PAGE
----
While these couples indeed find time to argue, their relationship is not an argument. In fact, their relationship is 1/4 of the story’s argument—1/4 of the premise. Their disagreements and the basis for their point-of-view finds a home in other quarters.

The Four Throughlines of a complete narrative describe the perspectives of the single argument of the story. Characters and the relationships between them exist to hold and convey these points of view to the Audience. This arrangement allows Authors the opportunity to hand-off a perspective from one character to the next.

The classic example lies with the Ghosts in Dicken’s A Christmas Carol. One by one, and starting with Marley, the Ghosts relay their common perspective of influence on Scrooge. Looking back over the narrative retrospect, these four Ghosts act as one collective Obstacle Character.

The same possibility exists within the Relationship Story Throughline perspective.

Handing Off the Heart of a Story

The emotional core of Good Will Hunting dwells in the Therapeutic relationship between Will and Sean. The two share an intimate bond and grow from patient/therapist to close friends. Yet, another relationship exists within the film that shares a similar and meaningful friendship.

The Friendship between Will and Chuckie (Ben Affleck) carries the same thematic elements found in the Therapeutic Relationship. The do-or-die brotherhood that finds them fighting on the basketball court to protect each other also puts them at odds over each other’s personal survival. And their shared acknowledgment that their relationship had purpose resolves their differences—with heartfelt emotion.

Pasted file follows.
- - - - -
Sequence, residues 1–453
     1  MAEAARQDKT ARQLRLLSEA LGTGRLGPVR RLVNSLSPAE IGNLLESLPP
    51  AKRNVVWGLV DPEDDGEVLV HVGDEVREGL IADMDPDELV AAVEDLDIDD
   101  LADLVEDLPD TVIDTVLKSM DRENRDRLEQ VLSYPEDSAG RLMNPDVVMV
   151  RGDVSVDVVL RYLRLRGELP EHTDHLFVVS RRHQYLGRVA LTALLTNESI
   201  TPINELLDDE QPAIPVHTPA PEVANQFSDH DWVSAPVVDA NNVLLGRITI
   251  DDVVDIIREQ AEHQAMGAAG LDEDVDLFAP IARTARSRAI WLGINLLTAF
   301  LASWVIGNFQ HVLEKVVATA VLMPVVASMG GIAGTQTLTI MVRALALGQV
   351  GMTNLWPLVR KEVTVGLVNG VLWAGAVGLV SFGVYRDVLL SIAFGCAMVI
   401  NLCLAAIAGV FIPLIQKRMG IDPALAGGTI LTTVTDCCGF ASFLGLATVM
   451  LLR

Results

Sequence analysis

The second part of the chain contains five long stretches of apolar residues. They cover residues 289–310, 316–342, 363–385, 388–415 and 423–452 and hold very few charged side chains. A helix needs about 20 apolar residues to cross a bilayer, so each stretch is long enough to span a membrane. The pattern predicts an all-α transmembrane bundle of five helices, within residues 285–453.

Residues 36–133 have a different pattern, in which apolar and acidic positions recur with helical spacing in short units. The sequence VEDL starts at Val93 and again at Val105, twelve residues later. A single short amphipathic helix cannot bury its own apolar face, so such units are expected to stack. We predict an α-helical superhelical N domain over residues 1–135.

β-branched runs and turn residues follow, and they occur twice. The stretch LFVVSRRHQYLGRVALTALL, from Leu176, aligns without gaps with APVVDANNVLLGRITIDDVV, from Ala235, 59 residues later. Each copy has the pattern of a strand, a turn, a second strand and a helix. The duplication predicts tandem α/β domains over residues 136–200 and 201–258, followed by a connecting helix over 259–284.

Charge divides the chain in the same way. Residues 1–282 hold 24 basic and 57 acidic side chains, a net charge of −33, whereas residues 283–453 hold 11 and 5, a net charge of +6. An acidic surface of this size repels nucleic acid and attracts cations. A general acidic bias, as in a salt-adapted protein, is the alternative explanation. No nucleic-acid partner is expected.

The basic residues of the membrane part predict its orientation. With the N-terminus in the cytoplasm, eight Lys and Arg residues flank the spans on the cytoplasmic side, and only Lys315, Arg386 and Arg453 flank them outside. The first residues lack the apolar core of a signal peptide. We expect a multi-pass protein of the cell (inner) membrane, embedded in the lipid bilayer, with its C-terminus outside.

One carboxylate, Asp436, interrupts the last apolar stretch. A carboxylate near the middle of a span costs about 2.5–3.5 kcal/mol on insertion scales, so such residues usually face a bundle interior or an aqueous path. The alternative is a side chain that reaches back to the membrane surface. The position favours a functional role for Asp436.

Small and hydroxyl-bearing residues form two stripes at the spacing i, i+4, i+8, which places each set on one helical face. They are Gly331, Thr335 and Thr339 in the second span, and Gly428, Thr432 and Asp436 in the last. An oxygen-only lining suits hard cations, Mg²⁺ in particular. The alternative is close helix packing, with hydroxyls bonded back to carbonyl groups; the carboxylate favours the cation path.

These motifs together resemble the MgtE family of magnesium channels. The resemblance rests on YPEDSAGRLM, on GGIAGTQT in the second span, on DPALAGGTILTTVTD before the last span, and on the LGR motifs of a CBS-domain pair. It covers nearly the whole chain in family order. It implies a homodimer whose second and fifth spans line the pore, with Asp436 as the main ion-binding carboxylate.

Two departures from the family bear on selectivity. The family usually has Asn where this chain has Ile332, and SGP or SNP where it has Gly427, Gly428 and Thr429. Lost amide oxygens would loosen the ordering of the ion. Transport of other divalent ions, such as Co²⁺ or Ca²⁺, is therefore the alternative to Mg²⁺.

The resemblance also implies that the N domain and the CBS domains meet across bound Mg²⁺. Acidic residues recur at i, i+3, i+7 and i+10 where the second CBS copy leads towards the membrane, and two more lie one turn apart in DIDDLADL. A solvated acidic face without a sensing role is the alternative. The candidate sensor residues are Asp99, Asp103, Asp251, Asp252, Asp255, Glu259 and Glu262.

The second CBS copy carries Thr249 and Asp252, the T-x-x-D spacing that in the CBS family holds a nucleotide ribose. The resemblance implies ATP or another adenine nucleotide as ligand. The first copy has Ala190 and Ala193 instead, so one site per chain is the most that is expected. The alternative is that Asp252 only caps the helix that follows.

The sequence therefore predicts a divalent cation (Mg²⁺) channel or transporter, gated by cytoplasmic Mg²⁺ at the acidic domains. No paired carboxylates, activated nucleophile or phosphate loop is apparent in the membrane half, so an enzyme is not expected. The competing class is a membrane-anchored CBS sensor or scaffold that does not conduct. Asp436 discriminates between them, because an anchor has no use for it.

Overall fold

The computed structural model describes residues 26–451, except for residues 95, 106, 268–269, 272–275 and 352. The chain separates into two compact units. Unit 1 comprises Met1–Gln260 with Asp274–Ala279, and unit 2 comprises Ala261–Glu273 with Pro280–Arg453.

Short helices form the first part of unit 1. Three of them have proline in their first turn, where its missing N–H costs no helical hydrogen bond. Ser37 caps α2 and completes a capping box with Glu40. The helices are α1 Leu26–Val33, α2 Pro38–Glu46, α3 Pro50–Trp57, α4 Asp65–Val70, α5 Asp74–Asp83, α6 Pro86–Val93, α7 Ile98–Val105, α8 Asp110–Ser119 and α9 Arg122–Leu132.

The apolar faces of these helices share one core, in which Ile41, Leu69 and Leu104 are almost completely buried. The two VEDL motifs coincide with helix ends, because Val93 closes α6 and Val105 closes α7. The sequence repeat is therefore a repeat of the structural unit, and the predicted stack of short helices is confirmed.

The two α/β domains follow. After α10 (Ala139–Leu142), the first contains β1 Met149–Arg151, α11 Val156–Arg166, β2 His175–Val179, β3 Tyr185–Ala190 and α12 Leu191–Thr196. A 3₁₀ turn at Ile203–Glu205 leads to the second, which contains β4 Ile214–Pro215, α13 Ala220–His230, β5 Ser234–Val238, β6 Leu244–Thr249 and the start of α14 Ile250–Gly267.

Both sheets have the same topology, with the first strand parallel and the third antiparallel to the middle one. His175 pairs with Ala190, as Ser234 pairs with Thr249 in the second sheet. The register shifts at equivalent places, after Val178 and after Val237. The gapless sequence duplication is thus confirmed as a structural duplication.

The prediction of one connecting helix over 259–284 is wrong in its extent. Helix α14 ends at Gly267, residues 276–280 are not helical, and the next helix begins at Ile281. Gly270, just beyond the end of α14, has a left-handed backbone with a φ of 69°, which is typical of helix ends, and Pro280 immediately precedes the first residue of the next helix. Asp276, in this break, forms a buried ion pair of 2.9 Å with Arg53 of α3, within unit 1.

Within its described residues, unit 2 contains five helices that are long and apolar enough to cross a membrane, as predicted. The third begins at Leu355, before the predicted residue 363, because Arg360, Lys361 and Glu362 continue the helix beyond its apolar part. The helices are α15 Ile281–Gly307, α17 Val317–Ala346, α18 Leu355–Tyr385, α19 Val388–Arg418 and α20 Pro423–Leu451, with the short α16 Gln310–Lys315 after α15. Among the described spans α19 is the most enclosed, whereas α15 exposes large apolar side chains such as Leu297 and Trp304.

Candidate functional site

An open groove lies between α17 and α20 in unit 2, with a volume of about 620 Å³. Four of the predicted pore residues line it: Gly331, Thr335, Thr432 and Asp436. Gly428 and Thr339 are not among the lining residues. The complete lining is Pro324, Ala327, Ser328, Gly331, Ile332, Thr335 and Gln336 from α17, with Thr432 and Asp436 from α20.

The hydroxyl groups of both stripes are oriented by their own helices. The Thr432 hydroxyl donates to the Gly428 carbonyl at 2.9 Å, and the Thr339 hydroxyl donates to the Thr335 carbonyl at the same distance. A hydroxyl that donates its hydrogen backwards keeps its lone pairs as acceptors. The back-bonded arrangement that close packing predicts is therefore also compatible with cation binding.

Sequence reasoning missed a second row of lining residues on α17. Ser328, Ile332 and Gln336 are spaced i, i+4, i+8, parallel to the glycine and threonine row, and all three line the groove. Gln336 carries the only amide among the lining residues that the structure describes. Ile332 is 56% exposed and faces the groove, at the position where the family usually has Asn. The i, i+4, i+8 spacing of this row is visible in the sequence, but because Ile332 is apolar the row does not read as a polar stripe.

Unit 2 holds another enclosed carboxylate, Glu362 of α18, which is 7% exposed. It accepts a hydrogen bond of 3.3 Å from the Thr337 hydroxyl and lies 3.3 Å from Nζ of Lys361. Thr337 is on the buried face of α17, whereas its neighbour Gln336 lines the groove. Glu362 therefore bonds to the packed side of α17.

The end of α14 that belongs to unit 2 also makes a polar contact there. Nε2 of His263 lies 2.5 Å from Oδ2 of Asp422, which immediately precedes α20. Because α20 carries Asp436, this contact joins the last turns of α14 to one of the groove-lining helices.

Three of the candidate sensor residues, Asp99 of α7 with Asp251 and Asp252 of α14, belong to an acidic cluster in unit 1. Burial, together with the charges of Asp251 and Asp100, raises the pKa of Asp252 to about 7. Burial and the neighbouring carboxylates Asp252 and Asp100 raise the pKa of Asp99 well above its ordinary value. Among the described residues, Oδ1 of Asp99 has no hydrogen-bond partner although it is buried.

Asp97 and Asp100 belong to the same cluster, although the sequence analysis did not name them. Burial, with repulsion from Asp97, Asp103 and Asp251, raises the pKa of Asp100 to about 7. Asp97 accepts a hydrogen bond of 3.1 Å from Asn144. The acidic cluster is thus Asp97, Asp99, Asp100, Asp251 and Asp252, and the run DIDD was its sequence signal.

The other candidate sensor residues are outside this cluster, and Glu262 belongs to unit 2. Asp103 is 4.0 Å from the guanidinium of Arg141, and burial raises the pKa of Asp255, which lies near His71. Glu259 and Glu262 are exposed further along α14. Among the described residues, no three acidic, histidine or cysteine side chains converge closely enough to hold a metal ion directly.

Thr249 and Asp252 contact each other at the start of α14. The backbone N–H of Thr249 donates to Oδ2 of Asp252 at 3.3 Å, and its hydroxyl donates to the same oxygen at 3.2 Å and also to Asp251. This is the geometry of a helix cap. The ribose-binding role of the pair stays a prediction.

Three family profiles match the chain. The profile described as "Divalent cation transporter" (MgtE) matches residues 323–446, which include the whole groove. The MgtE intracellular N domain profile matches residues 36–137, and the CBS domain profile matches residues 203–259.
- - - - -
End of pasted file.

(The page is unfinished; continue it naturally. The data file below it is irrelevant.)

The Friendship felt between both couples exists outside of any central plot development. Tangential to the objective concerns of a math genius hiding out as a janitor, these relationships reflect the importance of growth and understanding in the development of friendships.

And that’s why it’s essential to stop thinking of the Relationship Story Throughline in terms of an emotional argument.

The real purpose of the Relationship Story Throughline is to shine a light on the importance of growth between us in the real world—a chance to viscerally feel and understand this dynamic as we work to resolve the inequities in our lives.

Stories offer us an opportunity to appreciate our own conflicts. While we operate in a palpable sense in the real world, and while we have our own subjective personal issues, the subjective dynamics of growth that exist beyond us as individuals is equally as crucial to understanding our experience. Some might even say more important.

The more connected we become, the more essential it becomes for us to appreciate the dynamics at play between us. This newfound understanding of the Relationship Story Throughline of a narrative draws one step closer to understanding the purpose—and intent—of our relationships with one another.